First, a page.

This podcast was recorded prior to the Washougal National, so apologies for the delay and for the few sound issues. None of these were caused by Lars or his systems. Enjoy the podcast!
Live Results – AMA Pro Motocross Round 6 – Southwick
Practice Times & Race Results from The Wick
The action is underway at Southwick for round six of the AMA Pro Motocross series. Will Jett Lawrence dominate again, and how will Hunter fare after his issues at RedBud?
Featured Image: HRC Honda
This page will have all of the results from The Wick. The results are posted in an easy-to-view fashion, with the latest results at the very top of the page. If you do not immediately see the most recent results, hit the refresh button in the top-right corner and then the issue should be rectified.
450 Updated Championship Classification
450 Overall Results
450 Moto Two
250 Updated Championship Classification
250 Overall Results
They said the sand might suit him! Tom Vialle takes his first overall win in the USA, and the 250 wildness continues through the pack as the red plate changes hands for the first time in either class this summer!
250 Moto 2
450 Moto 1
250 Moto 1
450 Consolation Race
Just for British fans, SC Sporthomes Husqvarna rider Charlie Putnam finished 19th in the Consolation Race after not making the cut in Qualifying.
250 Combined Qualifying Times
450 Combined Qualifying Times
Michelin MX Nationals – Race Report, Rnd 2 – Monster Mountain
Full report from packed event in South Wales
Last weekend the new Monster Mountain facility staged its first event, round two of the Michelin MX Nationals powered by Milwaukee, and what an action-packed weekend it was! With almost 300 hundred riders keen to get on the new track and a tremendous crowd for the MX Nationals, both enjoyed the two days of fast and hot motocross action.
Words: Dick Law for Michelin MX Nationals | Featured Image: Michelin MX Nationals
If you haven’t seen the images and videos on social media, Monster Mountain is a USA- styled track set on top of a Welsh mountain. With months and months of hard, back-breaking work that involved moving hundreds of tons of earth with machines the size of a small house, the Monster Mountain track was born, and the scale of the project was mind-blowing. Once you have climbed up the mountain’s side to the peak, you enter a landscape that could be easily mistaken for Pala or even the moon.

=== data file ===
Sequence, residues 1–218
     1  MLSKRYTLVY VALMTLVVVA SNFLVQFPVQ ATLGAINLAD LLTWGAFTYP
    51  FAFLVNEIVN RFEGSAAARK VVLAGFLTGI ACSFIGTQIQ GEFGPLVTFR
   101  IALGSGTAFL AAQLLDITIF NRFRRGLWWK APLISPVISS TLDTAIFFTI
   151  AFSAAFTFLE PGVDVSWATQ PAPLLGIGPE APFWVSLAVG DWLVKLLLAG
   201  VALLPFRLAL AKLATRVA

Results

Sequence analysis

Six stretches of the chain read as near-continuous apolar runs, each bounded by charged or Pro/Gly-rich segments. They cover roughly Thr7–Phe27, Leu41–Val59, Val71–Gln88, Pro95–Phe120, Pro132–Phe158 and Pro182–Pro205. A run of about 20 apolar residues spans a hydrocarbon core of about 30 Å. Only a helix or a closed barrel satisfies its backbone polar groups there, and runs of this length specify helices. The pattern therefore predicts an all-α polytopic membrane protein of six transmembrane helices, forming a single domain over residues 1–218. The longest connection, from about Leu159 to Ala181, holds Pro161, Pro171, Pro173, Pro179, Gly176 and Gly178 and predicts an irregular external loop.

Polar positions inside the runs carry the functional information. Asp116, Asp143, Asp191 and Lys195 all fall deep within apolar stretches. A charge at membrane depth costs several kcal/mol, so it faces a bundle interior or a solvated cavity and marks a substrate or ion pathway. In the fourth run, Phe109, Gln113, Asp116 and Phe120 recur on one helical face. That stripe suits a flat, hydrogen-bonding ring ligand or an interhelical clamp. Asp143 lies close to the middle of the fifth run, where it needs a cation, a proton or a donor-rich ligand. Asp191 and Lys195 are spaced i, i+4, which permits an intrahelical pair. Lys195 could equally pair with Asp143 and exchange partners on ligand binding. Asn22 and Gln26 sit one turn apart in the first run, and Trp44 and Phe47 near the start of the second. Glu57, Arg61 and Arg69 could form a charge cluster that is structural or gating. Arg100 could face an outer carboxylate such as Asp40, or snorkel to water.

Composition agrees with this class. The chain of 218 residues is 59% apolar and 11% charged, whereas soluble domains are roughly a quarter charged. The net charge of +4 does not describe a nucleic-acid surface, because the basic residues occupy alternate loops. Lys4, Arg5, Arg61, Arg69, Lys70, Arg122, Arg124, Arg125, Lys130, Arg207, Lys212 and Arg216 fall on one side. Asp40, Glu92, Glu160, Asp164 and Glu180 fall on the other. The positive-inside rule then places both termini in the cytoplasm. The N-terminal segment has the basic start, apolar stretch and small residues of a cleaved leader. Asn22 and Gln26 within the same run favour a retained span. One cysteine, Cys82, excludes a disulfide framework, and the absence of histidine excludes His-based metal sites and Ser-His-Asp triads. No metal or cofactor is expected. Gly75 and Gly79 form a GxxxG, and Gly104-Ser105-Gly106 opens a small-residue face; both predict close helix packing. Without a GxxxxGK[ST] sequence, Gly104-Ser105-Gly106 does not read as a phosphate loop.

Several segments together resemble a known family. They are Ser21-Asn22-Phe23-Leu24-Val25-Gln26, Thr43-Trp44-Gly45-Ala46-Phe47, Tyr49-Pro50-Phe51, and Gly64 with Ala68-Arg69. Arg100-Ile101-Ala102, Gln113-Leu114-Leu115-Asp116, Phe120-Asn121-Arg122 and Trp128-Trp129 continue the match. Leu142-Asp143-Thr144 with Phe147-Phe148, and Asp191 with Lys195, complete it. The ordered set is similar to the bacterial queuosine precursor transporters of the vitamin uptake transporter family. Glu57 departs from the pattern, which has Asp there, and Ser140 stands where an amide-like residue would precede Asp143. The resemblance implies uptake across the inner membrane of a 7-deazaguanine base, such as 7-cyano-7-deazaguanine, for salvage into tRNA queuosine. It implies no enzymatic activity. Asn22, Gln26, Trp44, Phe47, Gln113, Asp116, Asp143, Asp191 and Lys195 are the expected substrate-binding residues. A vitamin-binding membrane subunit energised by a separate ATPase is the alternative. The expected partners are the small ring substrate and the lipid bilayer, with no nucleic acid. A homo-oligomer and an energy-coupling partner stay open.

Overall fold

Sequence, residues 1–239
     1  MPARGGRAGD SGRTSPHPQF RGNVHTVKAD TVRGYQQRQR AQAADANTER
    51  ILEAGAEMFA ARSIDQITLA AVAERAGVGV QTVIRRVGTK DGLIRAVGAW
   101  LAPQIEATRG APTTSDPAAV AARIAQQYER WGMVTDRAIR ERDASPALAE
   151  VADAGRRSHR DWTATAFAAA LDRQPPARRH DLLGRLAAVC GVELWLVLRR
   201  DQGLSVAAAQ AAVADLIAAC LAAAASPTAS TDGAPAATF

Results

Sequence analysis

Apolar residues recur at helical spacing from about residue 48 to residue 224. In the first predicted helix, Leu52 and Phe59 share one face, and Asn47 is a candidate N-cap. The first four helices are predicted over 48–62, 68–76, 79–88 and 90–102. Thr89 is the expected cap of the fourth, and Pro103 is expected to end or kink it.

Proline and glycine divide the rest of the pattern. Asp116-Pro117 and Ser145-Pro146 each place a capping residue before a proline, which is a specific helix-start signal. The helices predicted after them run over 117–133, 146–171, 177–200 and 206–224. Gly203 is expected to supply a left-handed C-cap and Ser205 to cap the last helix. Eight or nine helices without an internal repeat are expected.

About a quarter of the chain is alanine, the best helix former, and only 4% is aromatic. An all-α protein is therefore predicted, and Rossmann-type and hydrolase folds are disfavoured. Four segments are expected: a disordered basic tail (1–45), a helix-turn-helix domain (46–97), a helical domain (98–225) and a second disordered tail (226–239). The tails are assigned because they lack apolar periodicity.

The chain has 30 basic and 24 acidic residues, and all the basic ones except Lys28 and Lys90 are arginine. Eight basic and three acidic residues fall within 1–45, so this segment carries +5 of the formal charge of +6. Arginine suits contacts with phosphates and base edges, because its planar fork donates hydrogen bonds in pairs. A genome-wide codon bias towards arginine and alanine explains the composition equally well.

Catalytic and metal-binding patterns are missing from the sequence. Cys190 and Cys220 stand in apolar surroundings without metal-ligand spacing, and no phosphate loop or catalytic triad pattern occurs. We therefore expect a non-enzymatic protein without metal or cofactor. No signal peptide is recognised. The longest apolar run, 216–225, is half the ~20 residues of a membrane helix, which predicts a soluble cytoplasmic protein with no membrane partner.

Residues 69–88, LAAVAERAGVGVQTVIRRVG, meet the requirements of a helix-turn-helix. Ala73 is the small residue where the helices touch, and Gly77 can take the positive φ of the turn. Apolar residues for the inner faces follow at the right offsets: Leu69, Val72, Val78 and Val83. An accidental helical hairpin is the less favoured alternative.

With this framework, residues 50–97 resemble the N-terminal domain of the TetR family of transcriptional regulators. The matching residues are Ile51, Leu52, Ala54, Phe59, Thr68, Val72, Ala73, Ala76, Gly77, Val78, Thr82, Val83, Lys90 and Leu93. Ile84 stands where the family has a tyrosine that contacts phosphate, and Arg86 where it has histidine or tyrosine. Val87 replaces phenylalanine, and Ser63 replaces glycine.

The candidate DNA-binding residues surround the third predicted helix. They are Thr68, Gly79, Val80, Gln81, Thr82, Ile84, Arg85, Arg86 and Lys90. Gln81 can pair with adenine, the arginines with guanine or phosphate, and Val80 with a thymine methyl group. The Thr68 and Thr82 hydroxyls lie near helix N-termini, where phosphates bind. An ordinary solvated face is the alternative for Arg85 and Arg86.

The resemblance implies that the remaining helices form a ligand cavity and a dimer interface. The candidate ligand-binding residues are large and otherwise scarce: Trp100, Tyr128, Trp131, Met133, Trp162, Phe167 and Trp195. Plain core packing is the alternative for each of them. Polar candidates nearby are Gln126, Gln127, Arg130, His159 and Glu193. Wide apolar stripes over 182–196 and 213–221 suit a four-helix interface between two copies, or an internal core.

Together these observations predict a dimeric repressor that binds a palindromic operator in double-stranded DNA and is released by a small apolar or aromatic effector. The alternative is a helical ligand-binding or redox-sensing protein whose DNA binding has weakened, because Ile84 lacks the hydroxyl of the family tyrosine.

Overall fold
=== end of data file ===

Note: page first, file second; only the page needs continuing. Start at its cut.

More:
The Leatt Pro MX1s were mainly about three riders, the Crendon Fastrack Honda pairing of Conrad Mewse and Josh Gilbert and Cab Screens Crescent Yamaha rider Harri Kullas. The winner would come from one of these riders, who have dominated the home racing scene all year.
Kullas got the holeshot at the start of the first combined MX1 and MX2 pro race but was quickly passed a quarter of the way around the opening lap by Mewse and then his teammate Gilbert, who had gated third, slipped by Kullas before the end of the lap. While this happened, John Adamson (ASA United GasGas) got cross threaded in one of the deep ruts and dropped from fourth to tenth.
Adamson’s teammate Ivo Monticelli, who was making a comeback from an injury he suffered at round one of the Revo series, took full advantage of his teammate Adamson’s problems and took over his fourth place as Jason Meara (JM 10 Moto-cycle Racing Honda), Tom Grimshaw (Chambers Racing), Charlie Putnam (SC Sporthomes Husqvarna), Jamie Carpenter (Cab Screens Crescent Yamaha), and Dan Thornhill (Chambers Racing) all moved up a place at Adamson’s expense.
The leading four riders of Mewse, Gilbert, Kullas, and Monticelli stayed in the same running order to the end of the race as Meara and Grimshaw fought over fifth place. The two riders changed position many times till, on lap eight, Meara suffered a mechanical failure, leaving Grimshaw to make fifth all his own.
Adamson was on a charge after his crash and fought back to sixth at the end of the race, while Putnam came off his machine, relegating himself back to thirtieth place.
The immense new track, with its long start straights and big jumps, and even an adverse camber turn, was always going to disadvantage the smaller Apico MX2 machines over the power of the Leatt MX1 machines, with Glen McCormick (Chambers Racing) being the first of the MX2s around turn one, followed by Jamie Wainwright (WPH/SBE/Redline KTM) and Carlton Husband (Phoenix EvenStrokes Kawasaki) as race favourite Charlie Cole (Blades Bikes Kawasaki) suffering a mechanical problem that saw him at the back of the pack with a lot of work to do.
Wainwright had passed McCormick to lead the MX2s by the end of the first lap as Husband slipped back three places. But, as the race continued, Husband upped his pace and repassed six other riders on his way to tenth in the race, but first MX2 home.
McCormick put on a last-lap charge and snatched a place from the hands of Wainwright as the pair finished eleventh and thirteenth on the track but second and third in the MX2s, as for the unlucky Cole. He regrouped and fought his way back from thirtieth to finish fifteenth in the race but fourth MX2 and the last person on the lead lap.
Kullas once again got the holeshot at the start of race two, and once again, Gilbert found a way past him by the end of the lap. Behind them, it was Grimshaw, Meara, Monticelli, Mewse and Carpenter.